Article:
Peter Williams: Treasury incompetence led to Budget hack

OPINION: Fingers are being pointed in all directions after the hack of the budget information and the police have been called in.

But David Farrer, the Kiwiblog founder, the owner of the Curia polling company and former National Party staffer has a really intriguing take on it.

He says his theory is a pure guess and he doesn’t actually know what happened, but he goes back to his time working in Parliament nearly 20 years ago when he was on the staff of the then opposition National party.

He remembers waiting for the crime statistics to come out and knew that the Labour Government would try to put a positive spin on some bad news.

Farrar went to the police website, found the stats from the previous year, and also from the year before that.

He saw that they were in the same URL format in both of those years. So he used the same URL format for the current year, and there they were. Hey, presto, he says, Farrar had the official crime stats four hours before the government was due to release them and the shadow minister was able to embarrass the government who were furious about the so-called “leak.”

So Farrar is guessing that the same thing has happened again.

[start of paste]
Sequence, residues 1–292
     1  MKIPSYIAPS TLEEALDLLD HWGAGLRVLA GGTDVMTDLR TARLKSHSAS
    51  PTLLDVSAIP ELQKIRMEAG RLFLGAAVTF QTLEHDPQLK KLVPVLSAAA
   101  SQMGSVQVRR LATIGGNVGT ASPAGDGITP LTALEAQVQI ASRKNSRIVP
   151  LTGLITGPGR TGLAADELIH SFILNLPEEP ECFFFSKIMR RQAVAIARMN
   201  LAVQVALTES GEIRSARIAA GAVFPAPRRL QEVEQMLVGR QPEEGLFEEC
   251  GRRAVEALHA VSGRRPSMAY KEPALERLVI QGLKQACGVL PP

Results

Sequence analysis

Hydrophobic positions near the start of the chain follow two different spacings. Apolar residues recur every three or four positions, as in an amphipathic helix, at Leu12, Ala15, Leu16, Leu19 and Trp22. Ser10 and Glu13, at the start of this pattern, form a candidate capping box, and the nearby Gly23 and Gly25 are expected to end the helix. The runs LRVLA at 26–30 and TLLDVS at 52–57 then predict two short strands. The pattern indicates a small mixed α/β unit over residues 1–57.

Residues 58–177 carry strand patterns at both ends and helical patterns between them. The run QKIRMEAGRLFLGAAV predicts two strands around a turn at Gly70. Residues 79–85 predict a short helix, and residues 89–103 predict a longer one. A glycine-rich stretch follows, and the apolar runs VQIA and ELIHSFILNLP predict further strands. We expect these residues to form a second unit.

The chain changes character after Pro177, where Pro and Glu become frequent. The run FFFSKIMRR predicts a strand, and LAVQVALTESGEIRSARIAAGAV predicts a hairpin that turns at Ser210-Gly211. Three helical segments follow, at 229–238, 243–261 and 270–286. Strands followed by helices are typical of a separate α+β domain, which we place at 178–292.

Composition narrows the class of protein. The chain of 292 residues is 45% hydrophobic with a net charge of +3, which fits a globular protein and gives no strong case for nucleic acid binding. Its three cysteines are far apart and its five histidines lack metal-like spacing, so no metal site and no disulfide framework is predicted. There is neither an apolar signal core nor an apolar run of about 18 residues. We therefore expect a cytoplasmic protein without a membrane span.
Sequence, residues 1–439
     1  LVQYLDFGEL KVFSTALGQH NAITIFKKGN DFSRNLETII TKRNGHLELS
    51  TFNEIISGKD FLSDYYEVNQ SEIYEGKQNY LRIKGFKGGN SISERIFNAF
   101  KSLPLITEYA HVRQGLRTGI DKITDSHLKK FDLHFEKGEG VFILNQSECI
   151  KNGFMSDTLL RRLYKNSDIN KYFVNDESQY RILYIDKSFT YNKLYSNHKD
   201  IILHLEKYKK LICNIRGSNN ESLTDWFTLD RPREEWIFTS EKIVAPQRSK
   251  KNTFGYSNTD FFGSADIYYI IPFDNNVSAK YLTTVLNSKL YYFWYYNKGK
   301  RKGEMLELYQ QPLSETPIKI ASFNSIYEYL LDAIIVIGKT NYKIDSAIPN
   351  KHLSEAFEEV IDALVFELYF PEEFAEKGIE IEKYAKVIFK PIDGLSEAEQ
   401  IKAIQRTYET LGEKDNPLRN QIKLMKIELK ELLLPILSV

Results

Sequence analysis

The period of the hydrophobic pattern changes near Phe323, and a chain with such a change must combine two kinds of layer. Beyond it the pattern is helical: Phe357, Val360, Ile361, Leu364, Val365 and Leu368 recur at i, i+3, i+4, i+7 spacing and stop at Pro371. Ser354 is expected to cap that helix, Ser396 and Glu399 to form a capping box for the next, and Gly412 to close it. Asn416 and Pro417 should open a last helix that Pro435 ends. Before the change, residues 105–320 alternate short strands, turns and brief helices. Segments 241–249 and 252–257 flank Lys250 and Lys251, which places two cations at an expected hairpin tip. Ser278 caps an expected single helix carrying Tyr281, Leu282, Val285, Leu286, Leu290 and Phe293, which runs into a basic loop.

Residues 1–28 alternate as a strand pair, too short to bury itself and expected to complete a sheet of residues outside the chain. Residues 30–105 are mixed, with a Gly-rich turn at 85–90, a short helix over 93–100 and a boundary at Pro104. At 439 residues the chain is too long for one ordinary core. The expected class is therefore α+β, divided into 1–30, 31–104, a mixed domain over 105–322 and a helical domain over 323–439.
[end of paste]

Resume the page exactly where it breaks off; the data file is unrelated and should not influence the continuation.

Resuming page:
The Budget information was put up on a website of some sort, and someone found it using a bit of detective work.

And later Farrar’s guess was confirmed by the blogger Idiot Savant on the website No Right Turn who showed that if you googled “estimates of appropriation for 2019-2020” you would have got all the information - before the mistake was discovered and the link and all the information taken down.

So what we have here it seems is not a “hack” at all. It’s really just incompetence on the part of the Treasury who put the information on-line early without the necessary security to hide it.

The Treasury boss admitted as much this morning on The AM Show. Gabriel Mahklouf said that the Budget was on the web, but locked.

Someone has got through the lock, albeit after about 2000 attempts. My question is: why was it online in the first place?

Could they have not waited till tomorrow - the day of the Budget itself - to upload to the Treasury website? It’s a big file, but the Government has big servers and fast upload speeds. Why have it up two days early?

It is, of course, hugely embarrassing for the Government and the Treasury. The big question is how much more stuff does the National Party have?

As for the role of the National Party in this? Well, they were like a pig rolling in the mud yesterday. It’s extraordinary - but quite expected of course - that Labour supporters would be furious and be accusing the opposition of not playing fair and being irresponsible by releasing this material before the Budget.

But get real - this is politics. Oppositions exist to oppose and disrupt the government.

They had a good day yesterday. Frankly, they needed it.

But what’s worse are the ramifications for our Government security systems. If stuff like this highly top secret budget information can be found and released so easily, what else might be available?

It makes you shudder.

Peter Williams is host of Magic Talk Mornings, 9am - midday weekdays.